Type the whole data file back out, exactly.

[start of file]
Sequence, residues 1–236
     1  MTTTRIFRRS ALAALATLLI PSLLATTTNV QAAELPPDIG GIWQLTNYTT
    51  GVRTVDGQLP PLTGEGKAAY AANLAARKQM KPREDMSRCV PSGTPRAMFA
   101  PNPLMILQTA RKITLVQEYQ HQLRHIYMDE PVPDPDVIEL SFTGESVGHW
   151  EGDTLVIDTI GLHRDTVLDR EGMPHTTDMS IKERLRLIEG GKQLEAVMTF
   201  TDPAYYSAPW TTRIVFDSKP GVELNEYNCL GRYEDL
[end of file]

Sequence, residues 1–236
     1  MTTTRIFRRS ALAALATLLI PSLLATTTNV QAAELPPDIG GIWQLTNYTT
    51  GVRTVDGQLP PLTGEGKAAY AANLAARKQM KPREDMSRCV PSGTPRAMFA
   101  PNPLMILQTA RKITLVQEYQ HQLRHIYMDE PVPDPDVIEL SFTGESVGHW
   151  EGDTLVIDTI GLHRDTVLDR EGMPHTTDMS IKERLRLIEG GKQLEAVMTF
   201  TDPAYYSAPW TTRIVFDSKP GVELNEYNCL GRYEDL